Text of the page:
Hough's Encyclopedia of American Woods
Hough's Encyclopedia of American Woods is a supplimental version in the Special Collections Rare book collections. Culled and assembled by Romeyn Beck Hough between 1888 and 1913 the collection was published by Robert Speller & Sons in New York in 1957.
This particular version features 16 volumes, each containing approximately 25 specimens of American woods in three cuts: Radial, Transverse (horizontal), and Tangential (vertical).
To create the thin specimens Hough patented a device he invented, able to create translucent wood slices for this project. He recognized the commercial potential and sold magic lanterns slides, trade cards and invitations.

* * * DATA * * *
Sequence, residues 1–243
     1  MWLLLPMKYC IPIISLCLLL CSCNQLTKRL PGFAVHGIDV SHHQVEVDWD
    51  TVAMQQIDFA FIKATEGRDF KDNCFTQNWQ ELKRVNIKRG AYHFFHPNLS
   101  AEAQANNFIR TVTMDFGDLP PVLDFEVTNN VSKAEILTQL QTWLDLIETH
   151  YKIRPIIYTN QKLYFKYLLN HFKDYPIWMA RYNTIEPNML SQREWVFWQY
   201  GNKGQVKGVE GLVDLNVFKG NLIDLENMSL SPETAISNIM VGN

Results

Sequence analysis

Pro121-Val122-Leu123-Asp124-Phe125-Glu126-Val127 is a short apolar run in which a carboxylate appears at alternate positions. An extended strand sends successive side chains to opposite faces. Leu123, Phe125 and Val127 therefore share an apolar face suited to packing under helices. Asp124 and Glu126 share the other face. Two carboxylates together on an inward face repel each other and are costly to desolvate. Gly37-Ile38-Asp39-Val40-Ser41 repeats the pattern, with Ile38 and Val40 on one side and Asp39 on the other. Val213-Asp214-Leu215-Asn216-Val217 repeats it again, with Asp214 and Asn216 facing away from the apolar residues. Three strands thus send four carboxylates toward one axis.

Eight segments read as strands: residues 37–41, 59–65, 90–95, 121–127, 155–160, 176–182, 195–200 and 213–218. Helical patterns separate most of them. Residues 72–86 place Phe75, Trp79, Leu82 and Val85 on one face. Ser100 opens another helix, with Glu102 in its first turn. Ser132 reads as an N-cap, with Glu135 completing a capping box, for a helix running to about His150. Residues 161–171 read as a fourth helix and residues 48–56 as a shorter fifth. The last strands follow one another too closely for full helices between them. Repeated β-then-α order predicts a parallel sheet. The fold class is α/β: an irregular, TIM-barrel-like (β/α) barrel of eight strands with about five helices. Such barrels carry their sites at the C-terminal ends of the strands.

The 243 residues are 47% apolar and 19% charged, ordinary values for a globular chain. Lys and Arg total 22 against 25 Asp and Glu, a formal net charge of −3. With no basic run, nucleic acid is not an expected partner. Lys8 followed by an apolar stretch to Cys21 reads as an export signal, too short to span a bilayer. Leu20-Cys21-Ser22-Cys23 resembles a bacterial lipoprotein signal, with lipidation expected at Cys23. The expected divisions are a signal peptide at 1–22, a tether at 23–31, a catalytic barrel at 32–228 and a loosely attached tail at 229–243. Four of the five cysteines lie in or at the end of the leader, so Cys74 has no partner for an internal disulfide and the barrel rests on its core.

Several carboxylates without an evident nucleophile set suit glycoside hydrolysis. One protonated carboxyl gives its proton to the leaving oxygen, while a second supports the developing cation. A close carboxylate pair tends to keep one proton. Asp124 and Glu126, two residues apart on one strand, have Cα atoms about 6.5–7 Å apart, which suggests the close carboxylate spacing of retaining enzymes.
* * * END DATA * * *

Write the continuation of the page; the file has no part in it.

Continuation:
The books are 7 inches wide by 9.25 inches tall and approximately 1 inch thick. The pages are 6 inches wide by 8.875 inches tall and contain the three wood cuts all uniformed rectangles at 3.75 inches wide by 1.625 inches tall.
These pages are held in with two 1 inch binder rings, connected to the metal bracket that is then mouned onto binder board. A green canvas protecting the books from any wear.
The books were considered treasures of their time, as the 385 specimens are hand cut wood samples, as reproductions today are prints.
Other versions of this series (that include the wood cut specimens) also include accompanying descripotions covering the tree's characteristics, growth habits, medicinal properties and commercial possibilities. Unfortunately this is not one of those versions.